Students continue working through the pandemic

Students+continue+working+through+the+pandemic

By Ben Reed, Staff Reporter

As COVID-19 continues to sweep across the country, small businesses and their workers have had to implement safety features in order to follow the Centers for Disease Control and Prevention guidelines. Consequently, high school students who work at these places have experienced changes in the workplace.

Lots of students were not working in the early months of the COVID-19 outbreak around March. For some, it was because they wanted to take a break and quarantine. 

“A lot of the people, especially the guys I work with, just took off for the pandemic and they just never came back.” said junior Ben Huddler who works at Chick-fil-A. “We were missing a lot of people.”

Senior Liam Walker, who works at Play It Again Sports and HG Coal Fired Pizza, explained that some students were also let go from their jobs for a period of time.

“A lot of my friends did not work for like four or five months.” Walker said. “With the people I’ve talked to they were laid off, like a certain amount of time, and then after three or four months they got called back to their job.”

With students taking breaks from work, businesses were looking for new workers as they started to reopen. Junior Reid Scorzetti said that this made it easy to get hired at Chick-fil-A.

“They were looking for a lot of employees especially because a lot of people stopped working there because of the pandemic.” Scorzetti said.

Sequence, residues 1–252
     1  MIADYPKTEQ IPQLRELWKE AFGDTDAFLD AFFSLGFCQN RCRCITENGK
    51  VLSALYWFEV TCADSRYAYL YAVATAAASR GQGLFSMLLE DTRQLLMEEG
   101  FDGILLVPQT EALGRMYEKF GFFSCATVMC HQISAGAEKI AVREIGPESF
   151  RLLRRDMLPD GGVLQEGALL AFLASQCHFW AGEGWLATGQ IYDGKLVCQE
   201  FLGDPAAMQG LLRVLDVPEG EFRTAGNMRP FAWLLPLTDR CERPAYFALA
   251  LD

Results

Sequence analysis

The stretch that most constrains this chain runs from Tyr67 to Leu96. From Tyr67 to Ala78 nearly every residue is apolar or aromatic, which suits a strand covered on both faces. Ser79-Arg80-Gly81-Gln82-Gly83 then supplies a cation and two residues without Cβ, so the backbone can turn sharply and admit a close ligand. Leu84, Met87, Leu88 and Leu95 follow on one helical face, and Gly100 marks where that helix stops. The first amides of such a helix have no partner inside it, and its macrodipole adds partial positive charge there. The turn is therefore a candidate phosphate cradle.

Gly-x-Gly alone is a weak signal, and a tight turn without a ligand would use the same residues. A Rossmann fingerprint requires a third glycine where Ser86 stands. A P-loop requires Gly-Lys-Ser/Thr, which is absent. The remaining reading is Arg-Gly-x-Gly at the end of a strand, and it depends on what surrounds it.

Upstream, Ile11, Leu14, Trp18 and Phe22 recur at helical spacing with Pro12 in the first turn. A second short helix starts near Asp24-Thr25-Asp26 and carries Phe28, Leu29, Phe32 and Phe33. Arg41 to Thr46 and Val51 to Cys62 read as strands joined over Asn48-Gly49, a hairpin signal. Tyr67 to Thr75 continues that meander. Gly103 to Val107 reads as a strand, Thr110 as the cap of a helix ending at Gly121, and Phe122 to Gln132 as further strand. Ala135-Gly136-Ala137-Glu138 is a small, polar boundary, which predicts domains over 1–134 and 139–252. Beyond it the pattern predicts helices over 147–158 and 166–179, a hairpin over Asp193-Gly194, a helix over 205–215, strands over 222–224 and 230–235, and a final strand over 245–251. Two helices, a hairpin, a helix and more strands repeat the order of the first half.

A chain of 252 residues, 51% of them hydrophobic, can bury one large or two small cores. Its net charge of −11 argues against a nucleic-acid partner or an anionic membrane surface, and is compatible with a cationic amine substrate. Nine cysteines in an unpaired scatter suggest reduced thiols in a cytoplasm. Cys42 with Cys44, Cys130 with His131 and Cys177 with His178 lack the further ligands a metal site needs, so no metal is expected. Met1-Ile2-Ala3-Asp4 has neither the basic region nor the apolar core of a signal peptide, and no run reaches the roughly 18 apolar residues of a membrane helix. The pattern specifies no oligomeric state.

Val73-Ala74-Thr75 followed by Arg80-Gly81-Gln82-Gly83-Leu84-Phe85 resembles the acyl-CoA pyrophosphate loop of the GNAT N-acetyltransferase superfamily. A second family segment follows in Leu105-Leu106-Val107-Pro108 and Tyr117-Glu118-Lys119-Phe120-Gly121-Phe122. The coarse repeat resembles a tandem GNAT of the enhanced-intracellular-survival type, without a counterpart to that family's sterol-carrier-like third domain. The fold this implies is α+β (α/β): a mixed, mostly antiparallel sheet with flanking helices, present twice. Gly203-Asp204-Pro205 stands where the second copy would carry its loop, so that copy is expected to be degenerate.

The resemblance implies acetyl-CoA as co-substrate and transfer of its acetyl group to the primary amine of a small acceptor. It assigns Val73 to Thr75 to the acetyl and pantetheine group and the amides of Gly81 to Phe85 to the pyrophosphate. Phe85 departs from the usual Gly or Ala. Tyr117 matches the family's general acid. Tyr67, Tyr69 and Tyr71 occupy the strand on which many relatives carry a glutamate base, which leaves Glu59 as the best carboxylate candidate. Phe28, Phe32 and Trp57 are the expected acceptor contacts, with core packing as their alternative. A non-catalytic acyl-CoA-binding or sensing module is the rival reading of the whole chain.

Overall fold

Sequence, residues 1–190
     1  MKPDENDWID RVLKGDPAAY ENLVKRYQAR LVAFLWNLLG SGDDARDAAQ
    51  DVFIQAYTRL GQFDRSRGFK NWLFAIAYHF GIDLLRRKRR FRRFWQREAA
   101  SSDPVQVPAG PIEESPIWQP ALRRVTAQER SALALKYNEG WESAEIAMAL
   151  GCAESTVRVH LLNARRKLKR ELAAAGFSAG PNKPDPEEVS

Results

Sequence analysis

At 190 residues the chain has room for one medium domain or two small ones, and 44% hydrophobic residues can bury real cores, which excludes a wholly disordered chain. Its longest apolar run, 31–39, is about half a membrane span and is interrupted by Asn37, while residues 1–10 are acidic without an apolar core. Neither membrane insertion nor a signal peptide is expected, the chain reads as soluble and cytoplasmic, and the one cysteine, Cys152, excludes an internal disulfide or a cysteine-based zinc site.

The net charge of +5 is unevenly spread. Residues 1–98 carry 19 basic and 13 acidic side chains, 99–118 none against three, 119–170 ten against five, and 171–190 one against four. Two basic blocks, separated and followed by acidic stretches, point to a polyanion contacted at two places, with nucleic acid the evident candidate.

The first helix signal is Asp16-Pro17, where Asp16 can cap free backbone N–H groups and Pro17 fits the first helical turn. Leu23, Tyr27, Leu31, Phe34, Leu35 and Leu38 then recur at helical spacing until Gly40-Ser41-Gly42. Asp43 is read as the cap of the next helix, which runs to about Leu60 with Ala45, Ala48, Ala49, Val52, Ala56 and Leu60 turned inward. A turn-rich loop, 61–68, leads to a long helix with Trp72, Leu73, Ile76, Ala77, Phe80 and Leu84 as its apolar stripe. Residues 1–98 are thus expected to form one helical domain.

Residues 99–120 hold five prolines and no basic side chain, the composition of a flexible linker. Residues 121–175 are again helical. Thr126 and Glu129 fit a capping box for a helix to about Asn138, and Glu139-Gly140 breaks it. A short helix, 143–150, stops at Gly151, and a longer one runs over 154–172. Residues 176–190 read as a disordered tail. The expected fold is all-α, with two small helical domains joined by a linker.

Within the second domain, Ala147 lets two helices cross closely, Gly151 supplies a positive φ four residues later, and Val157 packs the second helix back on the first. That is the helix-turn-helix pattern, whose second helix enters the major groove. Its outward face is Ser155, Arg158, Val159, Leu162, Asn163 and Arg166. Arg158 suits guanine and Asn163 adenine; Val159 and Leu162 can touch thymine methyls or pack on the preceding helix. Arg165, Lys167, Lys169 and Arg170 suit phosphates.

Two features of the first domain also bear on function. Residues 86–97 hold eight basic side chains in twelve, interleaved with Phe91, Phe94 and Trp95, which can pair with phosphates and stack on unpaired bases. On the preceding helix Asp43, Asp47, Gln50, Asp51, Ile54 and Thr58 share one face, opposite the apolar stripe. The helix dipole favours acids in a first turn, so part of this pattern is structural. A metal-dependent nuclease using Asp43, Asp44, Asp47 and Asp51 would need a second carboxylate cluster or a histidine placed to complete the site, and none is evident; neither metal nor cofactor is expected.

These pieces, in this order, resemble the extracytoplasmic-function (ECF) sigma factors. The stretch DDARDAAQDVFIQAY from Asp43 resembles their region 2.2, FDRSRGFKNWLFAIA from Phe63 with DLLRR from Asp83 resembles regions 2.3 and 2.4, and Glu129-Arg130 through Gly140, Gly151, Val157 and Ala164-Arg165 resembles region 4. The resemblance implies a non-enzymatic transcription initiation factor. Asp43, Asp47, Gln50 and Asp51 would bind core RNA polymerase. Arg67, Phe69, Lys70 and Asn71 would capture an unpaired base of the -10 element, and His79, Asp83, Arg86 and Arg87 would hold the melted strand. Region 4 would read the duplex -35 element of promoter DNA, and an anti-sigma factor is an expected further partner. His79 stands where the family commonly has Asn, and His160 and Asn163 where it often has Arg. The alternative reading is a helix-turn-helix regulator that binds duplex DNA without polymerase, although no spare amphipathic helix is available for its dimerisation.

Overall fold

Walker, who was working at Play It Again sports before the pandemic, had a similar experience when applying at HG Coal Fired Pizza in late Aug.

“It was really easy,” Walker said. “I actually started the day I turned in my application.”

Ben Huddler and Liam Walker both said that, upon returning to work, there were lots of new employees who had started working. According to Huddler, a lot of these employees were high school students. Another major change has been the implementation of different health and safety measures while working, such as the use of masks and gloves. Reid Scorzetti explained how these new regulations, the masks in particular, affect interactions between customers and employees.

“It makes it feel like there’s not as much of a connection between you and the customers,” Scorzetti said. “It’s just different when you’re only seeing half of a person’s face. I don’t really know what most of the coworkers look like because I only see their eyes.”

Some of the students also experienced a change in work hours and frequency of shifts. 

“I only worked three hour shifts. I came back and I immediately started doing four or five and then eight hour shifts.” Huddler said. “It’s easier to work longer shifts as opposed to a bunch of small shifts because then it’s a constant change.”

However, some experienced the opposite. Senior lifeguard at Martin’s Dam Club pool Sarah Rosato, explained that although her hours were shortened due to a lack of attendance at the pool, there was still lots of work to do.

“We usually stay open ten to ten, but in the beginning we closed early because there weren’t a lot of people coming.” said Rosato. “We definitely had to do more. There was less time to just chill because we always had to do different things.”

Despite the hardships of working, students are continuing at their jobs for various reasons. Junior Alex Harris, a Target employee, explains that he continues to work to serve the public.

“Because of these hard times there’s a lot of people that have lost their jobs, so I’m very fortunate to be able to have a job still.” Harris said. “People are going through these rough times and I’m able to help my community by working.”


Ben Reed can be reached at [email protected]